Where to begin?
Well, taking advice I first heard in childhood from Julie Andrews, the beginning is a very good place to start. After all, Julie Andrews was hammered when she performed the opening scene of 'The Sound of Music' dancing atop the hill, being filmed from a helicopter. There's more to Ms. Andrews than the role of Maria.
Do. A student. A high school student with ambitions to attend college. The only way I was going to attend college was to receive the full amount of grants and loans for which I qualified. I'd applied to many universities and been accepted, but all were coy about my funding. The allotment of funds for the programs on which I was dependent were controlled by the institutions' financial aid offices, and these were not obliged to award the full amounts. They had the power to make partial awards. They also had the freedom and propensity to delay their decisions on the amounts of awards until approximately two weeks before the start of Fall term. This put me behind the eight ball, as I had scarce other means and required the full amounts in order to attend.
So it was the lack of firm award offers from other universities and my father's announcement that he was seriously considering accepting a job in Nashville which drove me to apply to The University of Tennessee in February of the year I wished to start my matriculation. About two weeks later, UTK had accepted me, awarded me the full amounts of the grants and loans I needed, and tossed in $500 from their general scholarship fund. I was going to college! I was going to be a Volunteer, and saw the campus and the city of Knoxville for the first time when I arrived to enroll the following September.
I won't go into the tales of my time at Tennessee. This blog is about the path to sports fan enlightenment and not tales of my college days. Suffice to say that I concluded my terms by earning a Bachelor of Science degree. I am a Vol for life. Big Orange! And all that goes with it.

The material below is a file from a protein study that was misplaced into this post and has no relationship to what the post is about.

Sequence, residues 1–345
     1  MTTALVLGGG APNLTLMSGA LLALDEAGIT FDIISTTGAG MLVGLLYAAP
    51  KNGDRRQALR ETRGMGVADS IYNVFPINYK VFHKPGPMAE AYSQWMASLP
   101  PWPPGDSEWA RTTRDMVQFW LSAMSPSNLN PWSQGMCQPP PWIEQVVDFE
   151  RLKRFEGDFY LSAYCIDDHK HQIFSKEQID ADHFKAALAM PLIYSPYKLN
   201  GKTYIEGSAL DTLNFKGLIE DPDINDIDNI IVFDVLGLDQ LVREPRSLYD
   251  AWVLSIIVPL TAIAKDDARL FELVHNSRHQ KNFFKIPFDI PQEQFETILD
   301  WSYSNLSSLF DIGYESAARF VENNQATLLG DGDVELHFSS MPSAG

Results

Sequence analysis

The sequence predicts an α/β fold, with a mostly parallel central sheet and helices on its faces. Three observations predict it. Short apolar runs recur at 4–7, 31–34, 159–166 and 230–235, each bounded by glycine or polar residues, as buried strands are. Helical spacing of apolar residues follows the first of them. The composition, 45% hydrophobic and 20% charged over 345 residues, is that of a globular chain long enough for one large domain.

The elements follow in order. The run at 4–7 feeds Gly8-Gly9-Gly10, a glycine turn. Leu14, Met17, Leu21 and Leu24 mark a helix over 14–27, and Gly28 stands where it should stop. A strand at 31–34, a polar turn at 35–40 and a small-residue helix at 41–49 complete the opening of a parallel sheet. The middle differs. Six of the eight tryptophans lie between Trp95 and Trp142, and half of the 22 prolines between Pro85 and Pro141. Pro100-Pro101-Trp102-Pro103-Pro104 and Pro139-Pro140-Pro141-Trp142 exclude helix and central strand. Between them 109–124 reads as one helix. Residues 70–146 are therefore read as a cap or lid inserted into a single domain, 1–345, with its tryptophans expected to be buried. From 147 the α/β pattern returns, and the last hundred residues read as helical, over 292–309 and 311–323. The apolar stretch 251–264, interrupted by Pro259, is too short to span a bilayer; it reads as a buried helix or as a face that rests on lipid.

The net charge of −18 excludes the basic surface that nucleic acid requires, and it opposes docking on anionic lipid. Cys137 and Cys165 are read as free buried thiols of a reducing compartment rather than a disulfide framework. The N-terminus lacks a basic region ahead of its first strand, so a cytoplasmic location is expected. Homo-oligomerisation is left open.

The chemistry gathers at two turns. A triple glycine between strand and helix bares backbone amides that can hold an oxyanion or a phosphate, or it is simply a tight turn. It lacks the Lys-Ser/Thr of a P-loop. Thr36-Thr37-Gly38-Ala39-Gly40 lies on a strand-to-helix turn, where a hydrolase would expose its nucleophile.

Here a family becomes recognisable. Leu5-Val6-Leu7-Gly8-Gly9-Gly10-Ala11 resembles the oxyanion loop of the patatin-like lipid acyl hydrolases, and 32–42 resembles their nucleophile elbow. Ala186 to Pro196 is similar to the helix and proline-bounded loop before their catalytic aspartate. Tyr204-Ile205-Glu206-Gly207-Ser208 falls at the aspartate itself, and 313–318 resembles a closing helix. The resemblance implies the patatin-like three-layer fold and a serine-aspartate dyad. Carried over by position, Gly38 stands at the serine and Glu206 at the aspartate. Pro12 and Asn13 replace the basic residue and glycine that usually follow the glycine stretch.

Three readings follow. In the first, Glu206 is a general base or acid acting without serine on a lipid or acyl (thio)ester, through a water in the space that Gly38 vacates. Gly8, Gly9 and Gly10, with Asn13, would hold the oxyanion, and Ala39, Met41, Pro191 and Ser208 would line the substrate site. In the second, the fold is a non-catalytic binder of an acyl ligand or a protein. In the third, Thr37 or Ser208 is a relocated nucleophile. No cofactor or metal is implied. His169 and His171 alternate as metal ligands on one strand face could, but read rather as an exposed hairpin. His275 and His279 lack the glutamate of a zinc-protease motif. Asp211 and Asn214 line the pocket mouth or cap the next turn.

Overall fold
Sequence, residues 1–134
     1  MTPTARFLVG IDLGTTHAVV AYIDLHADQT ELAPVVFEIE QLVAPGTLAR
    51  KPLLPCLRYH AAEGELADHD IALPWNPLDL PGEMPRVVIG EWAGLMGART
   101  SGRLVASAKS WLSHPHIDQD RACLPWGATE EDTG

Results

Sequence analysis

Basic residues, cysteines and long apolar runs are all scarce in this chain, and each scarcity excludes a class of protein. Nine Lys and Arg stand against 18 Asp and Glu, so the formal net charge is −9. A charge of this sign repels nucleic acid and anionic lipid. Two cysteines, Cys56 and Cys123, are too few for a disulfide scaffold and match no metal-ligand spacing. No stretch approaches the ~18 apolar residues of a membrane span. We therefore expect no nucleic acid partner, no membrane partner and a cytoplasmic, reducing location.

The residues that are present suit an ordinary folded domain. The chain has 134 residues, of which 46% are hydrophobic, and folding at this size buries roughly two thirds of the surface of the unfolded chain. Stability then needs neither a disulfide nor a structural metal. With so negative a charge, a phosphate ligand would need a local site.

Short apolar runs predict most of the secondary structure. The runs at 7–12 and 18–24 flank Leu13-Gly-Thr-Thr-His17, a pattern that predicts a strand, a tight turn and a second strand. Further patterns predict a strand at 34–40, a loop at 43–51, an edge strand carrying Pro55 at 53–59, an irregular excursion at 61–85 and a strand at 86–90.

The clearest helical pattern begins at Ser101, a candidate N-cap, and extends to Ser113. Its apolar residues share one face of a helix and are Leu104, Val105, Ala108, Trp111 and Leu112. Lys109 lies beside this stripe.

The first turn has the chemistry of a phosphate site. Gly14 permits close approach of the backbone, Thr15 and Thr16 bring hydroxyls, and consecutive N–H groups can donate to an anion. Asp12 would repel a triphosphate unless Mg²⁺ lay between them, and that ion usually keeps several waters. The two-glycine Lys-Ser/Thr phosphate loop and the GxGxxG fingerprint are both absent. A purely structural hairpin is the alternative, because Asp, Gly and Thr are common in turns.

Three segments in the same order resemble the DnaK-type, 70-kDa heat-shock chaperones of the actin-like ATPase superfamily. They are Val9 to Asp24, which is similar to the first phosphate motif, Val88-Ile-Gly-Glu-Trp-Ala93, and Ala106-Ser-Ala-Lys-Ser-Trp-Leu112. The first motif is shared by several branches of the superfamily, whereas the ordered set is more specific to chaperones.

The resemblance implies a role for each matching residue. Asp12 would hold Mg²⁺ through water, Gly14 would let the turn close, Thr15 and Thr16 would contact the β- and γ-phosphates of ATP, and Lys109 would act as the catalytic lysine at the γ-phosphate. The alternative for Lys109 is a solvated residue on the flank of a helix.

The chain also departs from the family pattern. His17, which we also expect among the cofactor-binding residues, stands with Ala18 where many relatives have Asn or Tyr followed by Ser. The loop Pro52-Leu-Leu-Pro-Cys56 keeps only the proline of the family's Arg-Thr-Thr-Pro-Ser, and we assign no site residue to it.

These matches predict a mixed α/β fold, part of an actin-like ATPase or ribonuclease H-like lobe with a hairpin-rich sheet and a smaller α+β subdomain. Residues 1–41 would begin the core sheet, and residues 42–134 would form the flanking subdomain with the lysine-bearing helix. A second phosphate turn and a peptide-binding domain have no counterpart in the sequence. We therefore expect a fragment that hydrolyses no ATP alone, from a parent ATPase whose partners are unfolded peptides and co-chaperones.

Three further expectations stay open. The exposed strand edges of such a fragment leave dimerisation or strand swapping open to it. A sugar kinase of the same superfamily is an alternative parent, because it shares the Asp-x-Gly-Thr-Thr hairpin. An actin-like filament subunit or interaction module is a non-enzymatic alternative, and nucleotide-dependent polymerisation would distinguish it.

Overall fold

In our brash youth, our fandom is severe. It's our school's teams and damn all the rest! At some point, we realize aloud that without the rest, there wouldn't be any of our school's teams. Without that one fiercest rivalry, we wouldn't enjoy the victories and suffer the defeats of our teams so fervently. Our fandom becomes enveloped in a greater perspective.
As time goes on and our lives progress, we still chuckle at the memories of undergrads sneaking pickle juice into the punch of tailgating fans of our rivals or serving them hot chocolate laced with laxative, but we also feel a tinge of remorse. It wasn't a nice thing to do. It's not something we would do, now. Then, fate, luck, or serendipity introduces us to an alum or fan of our team's most hated rival in circumstances which are convivial or otherwise require of us our best consideration and behavior. We are to be neighbors, coworkers, colleagues in charitable endeavor, or other activity which is important to us. It happens, and we find ourselves appreciating the other person. They display their regard for us. Bonds begin to form outside of and around our rival fandom. So it was that I, a Vol became best friends with a Bammer.
It's not like the marriages of which we've heard or witnessed. The one's for which that they make special affinity vehicle plates - AU/UA, UGA/GT, UNC/Duke, UK/UL, UM/tOSU, USC/UCLA... Marriage involves a whole other dynamic. Mating is more powerful than fandom often enough. Friendships are chosen.
My path to sports fan enlightenment began with one true friendship. Though my friend and I visited merry mischief upon one another as fans are wont to do at the time of the great rivalry games, it was never mean spirited, nor was it ever so much as to cause a rift between us. For more than 30 years, the friendship I shared with a guy from Gadsden, AL grew deep and strong. Marriages were made. Children were born. Crises were endured. We were there for each other throughout, and we loved each other as the truest of friends do.
Sadly, death took my friend too early in his life. I survive him, a better man and a better Volunteer for having been his true friend. Looking back over the years past, I see the changes in me. I see that I've been on the path and attained sports fan enlightenment, and I coin this term with gentle humor and respect. I am forever a Volunteer, though now, I can appreciate sympathetically others' fandom, not just observe it, but embrace them within it. So it is that I came to be a Buckeye for a day, and that's a topic for another entry.